If you follow the competitive CS:GO scene, you may have seen the meltdown on the CS:GO group which erupted two days ago. Bravado Gaming announced their latest roster changes, and as you can imagine it was met with wide criticism and some varied opinions. While the general community’s response varied, there was a lot of negative opinions regarding the acquisition of two players from a rival organization. Word like “poached” and “bribed” were thrown around a lot, but that’s of very little concern to the teams, who were most affected by these changes.
Something which often isn’t considered by the general community is the effect this has on other teams. Due to Bravado’s international travel (LA to China) their roster changes could not be completed until they were back on home soil. The timing was a bit unfortunate as well as the cut-off time for DGL registration was earlier this week. Now, there’s something that needs to be clearly understood – Bravado acquiring players is their right. No players are forced to leave their teams, and I can assure you there’s no bribing going on. But what also needs to be made clear is the now apparent ripple effect which is what’s really causing a stir in the CS:GO competitive community.
It’s very simple. Bravado Gaming acquired two players from CarboN, CarboN brought on NEFAN (who was set to join Flipsid3 Tactics) and Takbok (who had joined a new team called Exdee). Flipsid3 Tactics replaced the absent NEFAN with Golz (who left Bravado Gaming). It’s unclear who took Takbok’s spot in Exdee, but they’ve too been affected by the changes. Aperture Gaming lost a number of their core players during December and picked up the old Energy Esports lineup and Hadlee “konvict” Smith, who was the only remaining member. White Rabbit Gaming acquired Thulani “LighteRTZ” Sishi, while retaining their core lineup. Teams unaffected are XTC and Damage Control.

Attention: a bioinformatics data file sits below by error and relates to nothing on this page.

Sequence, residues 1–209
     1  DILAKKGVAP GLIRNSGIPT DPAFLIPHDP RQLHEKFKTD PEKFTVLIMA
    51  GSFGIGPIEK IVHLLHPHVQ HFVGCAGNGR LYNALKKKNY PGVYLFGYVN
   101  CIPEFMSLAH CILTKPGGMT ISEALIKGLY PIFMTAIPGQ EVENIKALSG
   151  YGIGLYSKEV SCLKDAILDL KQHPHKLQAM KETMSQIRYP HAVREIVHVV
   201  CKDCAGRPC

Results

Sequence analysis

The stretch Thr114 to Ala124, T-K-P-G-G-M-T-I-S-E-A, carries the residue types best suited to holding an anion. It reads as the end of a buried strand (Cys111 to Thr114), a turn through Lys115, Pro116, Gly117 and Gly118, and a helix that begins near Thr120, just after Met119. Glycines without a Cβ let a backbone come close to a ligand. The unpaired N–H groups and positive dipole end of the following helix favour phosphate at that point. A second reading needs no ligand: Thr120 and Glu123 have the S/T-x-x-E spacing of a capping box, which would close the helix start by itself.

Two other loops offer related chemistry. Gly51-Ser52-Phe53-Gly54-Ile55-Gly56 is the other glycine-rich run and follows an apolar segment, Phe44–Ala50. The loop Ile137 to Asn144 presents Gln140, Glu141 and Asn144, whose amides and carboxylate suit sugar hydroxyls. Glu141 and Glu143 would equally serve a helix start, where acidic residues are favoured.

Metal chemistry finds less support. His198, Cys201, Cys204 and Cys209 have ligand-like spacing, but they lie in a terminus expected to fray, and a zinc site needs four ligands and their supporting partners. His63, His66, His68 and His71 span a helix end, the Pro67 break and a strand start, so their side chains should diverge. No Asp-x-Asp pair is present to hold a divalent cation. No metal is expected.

Now, the purpose of this article is by no means to shed a bad light or blame Bravado Gaming, because what they did was perfectly justified and the result is due to a very limited talent pool in the competitive community in South Africa. I’ve said this before: players don’t need a bribe to join Bravado. The organization has positioned themselves as a local leader and players often jump at the opportunity to join them. The purpose of this article is shed light on the nightmare which is now unfolding for some teams as they try to secure their rosters ahead of the competitive season. Rosters which are often worked on for months prior to a major tournament.
It is a rather unfortunate result, but the focus on these roster changes has been misplaced as the real focus should be on all the teams and how they will perform this year. Will these roster changes motivate them to better their game? Will it deter them from improving knowing that Bravado now hold an extremely strong lineup? Regardless, the next few months prior to our first major tournament are going to be interesting as teams shape their new rosters and ready themselves.